World War 1: A History From Beginning to End by Henry FreemanWorld War I
World War 1 was one of the bloodiest wars in modern history. At its end, it had claimed over seventeen million lives. It led to the collapse of nations, the abdication of monarchies and ended empires. Entire divisions of men perished in the pursuit of mere miles of uninhabitable wasteland –– towns were pulverized and millions displaced. It became a horrendous war of attrition, each side competing to kill as many of their foe as possible.
Inside you will read about...
✓ 1914 - Blood is spilled
✓ 1915 - The dawn of the industrialized war
✓ 1916 - Unrelenting bloodshed
✓ 1917 - Revolution, revelation and catastrophe
✓ 1918 - The great war at an end
It became the first industrialized war in history and introduced revolutionary technology into the fray. The airplane, the tank and the machine gun first saw action collectively during the conflict. It was also the first war in which poison gas was used to choke young men out of their trenches.
This book is a timeline account of the important events that shaped the First World War. It details the events and causes that led the world to war. This book covers the milestone moments, important battles, and how the outcome changed the world forever.
World War 1 facts
Join us as we learn everything there is to know in our World War 1 facts …. Lots of history books have been written on World War 1 facts and why it started. But it all boils down to the fact that Europe had split into two large families of countries. On 4 August , Germany invaded Belgium, and so, standing by its promise to stick up for Belgium, Britain declared war on Germany. The world was at war….
It ended with the defeat of the Central Powers. The war was virtually unprecedented in the slaughter, carnage, and destruction it caused. After four years of combat and the deaths of some 8. World War I combat was a clash between 19th-century tactics and 20th-century technology. Imagine an American Civil War battle with large groups of men charging across open ground except the other side has heavy artillery and machine guns.
Thanks to new military technologies and the horrors of trench warfare, World War I saw unprecedented levels of carnage and destruction. By the time the war was over and the Allied Powers claimed victory, more than 16 million people—soldiers and civilians alike—were dead. Tensions had been brewing throughout Europe—especially in the troubled Balkan region of southeast Europe—for years before World War I actually broke out. A number of alliances involving European powers, the Ottoman Empire , Russia and other parties had existed for years, but political instability in the Balkans particularly Bosnia, Serbia and Herzegovina threatened to destroy these agreements. Princip and other nationalists were struggling to end Austro-Hungarian rule over Bosnia and Herzegovina. The assassination of Franz Ferdinand set off a rapidly escalating chain of events: Austria-Hungary , like many countries around the world, blamed the Serbian government for the attack and hoped to use the incident as justification for settling the question of Serbian nationalism once and for all. Because mighty Russia supported Serbia, Austria-Hungary waited to declare war until its leaders received assurance from German leader Kaiser Wilhelm II that Germany would support their cause.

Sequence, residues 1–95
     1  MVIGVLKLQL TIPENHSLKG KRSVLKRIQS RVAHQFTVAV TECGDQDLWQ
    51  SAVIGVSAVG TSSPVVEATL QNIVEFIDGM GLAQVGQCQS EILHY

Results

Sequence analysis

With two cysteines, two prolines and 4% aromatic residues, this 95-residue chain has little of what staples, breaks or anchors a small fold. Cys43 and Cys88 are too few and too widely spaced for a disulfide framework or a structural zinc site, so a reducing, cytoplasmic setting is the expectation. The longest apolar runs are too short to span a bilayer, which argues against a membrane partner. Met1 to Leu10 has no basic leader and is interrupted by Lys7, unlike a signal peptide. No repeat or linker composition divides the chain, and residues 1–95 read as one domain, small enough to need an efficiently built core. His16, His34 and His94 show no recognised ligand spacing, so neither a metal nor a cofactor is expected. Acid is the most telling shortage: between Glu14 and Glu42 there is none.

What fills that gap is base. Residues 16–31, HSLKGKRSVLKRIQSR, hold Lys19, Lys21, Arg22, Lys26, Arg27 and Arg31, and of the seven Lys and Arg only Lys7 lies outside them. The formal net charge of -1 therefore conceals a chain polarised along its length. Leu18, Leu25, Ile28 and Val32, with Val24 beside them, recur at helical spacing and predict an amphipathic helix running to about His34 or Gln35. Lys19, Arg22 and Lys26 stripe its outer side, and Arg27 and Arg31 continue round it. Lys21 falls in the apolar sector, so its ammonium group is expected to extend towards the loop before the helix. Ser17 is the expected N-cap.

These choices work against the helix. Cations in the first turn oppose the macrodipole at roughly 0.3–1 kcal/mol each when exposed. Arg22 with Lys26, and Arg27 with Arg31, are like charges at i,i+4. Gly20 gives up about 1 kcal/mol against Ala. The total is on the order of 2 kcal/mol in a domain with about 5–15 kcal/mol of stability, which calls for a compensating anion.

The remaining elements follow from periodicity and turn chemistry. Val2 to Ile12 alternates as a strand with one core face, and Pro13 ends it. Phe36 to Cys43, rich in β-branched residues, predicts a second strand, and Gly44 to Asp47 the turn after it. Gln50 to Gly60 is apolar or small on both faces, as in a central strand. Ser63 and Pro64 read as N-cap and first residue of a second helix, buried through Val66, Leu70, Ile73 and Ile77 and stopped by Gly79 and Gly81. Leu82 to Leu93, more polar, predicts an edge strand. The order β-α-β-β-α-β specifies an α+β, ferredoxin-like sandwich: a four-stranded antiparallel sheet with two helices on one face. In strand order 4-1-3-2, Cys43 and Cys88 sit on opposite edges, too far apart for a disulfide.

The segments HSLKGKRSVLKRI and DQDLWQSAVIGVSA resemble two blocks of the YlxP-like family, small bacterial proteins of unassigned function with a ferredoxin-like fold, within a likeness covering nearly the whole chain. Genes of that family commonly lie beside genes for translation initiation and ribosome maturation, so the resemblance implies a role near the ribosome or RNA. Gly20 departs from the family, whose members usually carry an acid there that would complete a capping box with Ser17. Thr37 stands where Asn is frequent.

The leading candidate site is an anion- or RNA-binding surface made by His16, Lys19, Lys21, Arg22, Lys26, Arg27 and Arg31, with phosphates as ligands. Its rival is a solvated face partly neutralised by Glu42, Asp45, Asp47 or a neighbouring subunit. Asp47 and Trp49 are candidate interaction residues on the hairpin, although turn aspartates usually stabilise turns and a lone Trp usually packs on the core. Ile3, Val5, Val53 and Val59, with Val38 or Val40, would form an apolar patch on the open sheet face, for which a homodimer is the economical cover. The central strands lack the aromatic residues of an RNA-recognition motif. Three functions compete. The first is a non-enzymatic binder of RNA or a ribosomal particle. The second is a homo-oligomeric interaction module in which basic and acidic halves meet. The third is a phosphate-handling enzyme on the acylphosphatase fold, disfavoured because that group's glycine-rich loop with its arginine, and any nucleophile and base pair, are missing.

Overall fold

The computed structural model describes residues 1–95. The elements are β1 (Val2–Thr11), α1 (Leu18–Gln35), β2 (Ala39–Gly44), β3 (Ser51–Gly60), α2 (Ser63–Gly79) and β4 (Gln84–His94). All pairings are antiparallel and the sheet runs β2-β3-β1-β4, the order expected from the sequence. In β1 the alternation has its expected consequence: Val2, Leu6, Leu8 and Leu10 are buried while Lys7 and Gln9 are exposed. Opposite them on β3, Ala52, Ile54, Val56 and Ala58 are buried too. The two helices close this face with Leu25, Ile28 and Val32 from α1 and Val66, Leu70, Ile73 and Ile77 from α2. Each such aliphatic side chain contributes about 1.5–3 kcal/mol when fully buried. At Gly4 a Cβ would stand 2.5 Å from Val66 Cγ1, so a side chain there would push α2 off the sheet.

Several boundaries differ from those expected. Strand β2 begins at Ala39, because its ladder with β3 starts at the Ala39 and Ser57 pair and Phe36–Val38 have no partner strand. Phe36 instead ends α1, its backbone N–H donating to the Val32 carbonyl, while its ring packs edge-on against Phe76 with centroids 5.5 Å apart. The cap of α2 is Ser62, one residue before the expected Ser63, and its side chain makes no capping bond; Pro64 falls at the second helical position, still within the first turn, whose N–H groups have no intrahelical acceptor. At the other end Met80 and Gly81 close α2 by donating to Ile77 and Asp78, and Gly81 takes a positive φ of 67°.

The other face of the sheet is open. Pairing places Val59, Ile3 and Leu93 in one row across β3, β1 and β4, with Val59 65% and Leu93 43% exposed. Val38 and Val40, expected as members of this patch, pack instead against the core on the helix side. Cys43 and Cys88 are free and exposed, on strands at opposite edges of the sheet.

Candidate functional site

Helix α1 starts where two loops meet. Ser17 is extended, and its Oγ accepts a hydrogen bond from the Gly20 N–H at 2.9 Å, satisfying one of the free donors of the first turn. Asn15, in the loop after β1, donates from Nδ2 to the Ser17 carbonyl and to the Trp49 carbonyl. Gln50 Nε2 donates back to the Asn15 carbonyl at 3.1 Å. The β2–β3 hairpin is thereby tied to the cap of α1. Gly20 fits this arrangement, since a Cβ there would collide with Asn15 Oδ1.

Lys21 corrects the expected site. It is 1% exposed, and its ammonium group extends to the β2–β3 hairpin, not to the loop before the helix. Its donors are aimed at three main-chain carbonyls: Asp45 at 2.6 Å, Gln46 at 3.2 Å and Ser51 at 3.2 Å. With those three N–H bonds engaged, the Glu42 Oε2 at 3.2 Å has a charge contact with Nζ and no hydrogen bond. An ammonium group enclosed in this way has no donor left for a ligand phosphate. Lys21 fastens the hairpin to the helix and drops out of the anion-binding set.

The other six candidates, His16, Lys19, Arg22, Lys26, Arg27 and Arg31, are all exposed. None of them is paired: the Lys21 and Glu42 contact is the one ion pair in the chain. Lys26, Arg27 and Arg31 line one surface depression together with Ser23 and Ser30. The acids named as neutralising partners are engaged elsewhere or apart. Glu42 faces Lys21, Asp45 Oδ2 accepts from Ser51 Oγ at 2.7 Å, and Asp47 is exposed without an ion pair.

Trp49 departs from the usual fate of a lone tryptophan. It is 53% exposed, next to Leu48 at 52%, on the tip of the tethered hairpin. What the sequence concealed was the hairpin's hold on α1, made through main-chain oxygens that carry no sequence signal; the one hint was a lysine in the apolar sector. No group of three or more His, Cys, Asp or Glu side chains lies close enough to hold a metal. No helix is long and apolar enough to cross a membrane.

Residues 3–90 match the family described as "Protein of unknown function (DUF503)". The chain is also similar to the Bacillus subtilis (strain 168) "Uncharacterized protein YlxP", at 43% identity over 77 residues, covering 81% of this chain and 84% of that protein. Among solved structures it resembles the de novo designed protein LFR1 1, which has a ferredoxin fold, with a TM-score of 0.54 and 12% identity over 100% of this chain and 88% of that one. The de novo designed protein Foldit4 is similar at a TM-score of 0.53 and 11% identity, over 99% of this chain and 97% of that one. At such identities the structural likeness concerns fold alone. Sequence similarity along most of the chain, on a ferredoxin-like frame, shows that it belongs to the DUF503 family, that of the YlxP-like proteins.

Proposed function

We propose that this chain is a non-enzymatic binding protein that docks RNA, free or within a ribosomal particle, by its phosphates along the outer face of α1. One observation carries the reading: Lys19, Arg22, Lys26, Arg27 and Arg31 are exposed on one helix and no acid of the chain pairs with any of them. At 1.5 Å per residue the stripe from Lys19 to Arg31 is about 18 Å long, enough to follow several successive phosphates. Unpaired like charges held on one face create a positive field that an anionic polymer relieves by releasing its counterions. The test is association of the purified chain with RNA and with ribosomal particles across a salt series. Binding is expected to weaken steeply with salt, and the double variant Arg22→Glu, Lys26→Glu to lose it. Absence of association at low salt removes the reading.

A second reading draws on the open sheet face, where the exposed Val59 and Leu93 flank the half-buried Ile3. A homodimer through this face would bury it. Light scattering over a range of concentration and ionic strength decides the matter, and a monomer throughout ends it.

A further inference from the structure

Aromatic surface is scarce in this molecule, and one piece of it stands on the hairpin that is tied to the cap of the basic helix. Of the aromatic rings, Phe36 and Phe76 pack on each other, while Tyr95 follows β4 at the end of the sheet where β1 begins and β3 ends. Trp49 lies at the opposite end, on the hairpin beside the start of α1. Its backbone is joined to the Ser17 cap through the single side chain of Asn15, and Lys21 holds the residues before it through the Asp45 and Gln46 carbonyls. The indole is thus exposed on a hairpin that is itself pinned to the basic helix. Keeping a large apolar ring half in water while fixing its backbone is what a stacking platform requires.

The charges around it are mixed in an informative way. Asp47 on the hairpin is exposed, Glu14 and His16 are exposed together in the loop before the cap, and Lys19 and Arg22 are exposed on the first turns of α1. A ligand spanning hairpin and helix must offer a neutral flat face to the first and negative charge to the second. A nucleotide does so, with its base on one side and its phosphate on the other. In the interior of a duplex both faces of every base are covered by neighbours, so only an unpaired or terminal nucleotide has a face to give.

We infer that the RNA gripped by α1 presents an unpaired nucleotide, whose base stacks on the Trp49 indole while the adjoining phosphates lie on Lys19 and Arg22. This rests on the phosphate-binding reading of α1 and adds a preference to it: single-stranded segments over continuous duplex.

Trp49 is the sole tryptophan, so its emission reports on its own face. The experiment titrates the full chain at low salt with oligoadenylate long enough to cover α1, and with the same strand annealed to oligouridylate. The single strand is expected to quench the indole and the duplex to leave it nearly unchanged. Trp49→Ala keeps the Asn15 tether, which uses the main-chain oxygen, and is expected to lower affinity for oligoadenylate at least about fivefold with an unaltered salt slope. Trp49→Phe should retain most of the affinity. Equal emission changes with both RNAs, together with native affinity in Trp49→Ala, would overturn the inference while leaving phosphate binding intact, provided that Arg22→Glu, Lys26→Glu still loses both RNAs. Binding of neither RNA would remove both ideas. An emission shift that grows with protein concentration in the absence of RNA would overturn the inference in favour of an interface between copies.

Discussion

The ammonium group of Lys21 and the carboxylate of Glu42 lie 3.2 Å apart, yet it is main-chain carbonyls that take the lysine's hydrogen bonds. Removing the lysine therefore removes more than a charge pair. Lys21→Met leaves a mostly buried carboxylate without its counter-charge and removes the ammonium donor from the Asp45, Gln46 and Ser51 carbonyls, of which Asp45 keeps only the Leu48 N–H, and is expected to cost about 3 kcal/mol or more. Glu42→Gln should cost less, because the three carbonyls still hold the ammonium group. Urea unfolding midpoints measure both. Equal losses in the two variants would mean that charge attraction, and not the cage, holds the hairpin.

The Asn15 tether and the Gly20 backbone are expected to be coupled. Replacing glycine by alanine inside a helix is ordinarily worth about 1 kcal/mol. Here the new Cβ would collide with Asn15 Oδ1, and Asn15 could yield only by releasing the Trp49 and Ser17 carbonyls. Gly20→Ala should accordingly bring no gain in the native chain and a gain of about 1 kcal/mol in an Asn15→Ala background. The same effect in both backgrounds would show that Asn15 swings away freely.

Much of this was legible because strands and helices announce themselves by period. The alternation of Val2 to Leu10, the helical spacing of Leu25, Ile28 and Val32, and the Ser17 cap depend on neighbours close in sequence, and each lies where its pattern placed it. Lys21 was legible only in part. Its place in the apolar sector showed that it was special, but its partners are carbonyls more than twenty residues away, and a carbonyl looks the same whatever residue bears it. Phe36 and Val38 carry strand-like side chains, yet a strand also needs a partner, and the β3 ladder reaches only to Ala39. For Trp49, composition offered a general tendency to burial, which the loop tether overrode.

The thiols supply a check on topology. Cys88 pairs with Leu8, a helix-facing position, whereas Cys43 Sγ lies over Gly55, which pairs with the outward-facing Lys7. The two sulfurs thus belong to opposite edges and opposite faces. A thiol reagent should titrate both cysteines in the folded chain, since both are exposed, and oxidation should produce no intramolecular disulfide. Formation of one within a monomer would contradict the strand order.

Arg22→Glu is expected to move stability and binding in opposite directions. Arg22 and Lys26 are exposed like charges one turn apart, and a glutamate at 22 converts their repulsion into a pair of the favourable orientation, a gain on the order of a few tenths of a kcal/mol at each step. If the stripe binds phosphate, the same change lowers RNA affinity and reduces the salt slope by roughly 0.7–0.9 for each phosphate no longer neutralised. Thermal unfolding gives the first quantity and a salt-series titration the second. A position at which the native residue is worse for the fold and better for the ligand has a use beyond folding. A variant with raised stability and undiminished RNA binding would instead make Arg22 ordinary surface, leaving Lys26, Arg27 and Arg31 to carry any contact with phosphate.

What we do
Military deaths by country  . Military deaths by country . Serbia's reply failed to satisfy the Austrians, and the two moved to a war footing. A network of interlocking alliances enlarged the crisis from a bilateral issue in the Balkans to one involving most of Europe. By July , the great powers of Europe were divided into two coalitions: the Triple Entente —consisting of France , Russia , and Britain —and the Triple Alliance of Germany , Austria-Hungary , and Italy the Triple Alliance was only defensive in nature, allowing Italy to stay out of the war until April , when it joined the Allied Powers after its relations with Austria-Hungary deteriorated. German strategy for a war on two fronts against France and Russia was to rapidly concentrate the bulk of its army in the West to defeat France within six weeks, then shift forces to the East before Russia could fully mobilise; this was later known as the Schlieffen Plan. The war was fought in and drew upon each power's colonial empire as well, spreading the conflict to Africa and across the globe.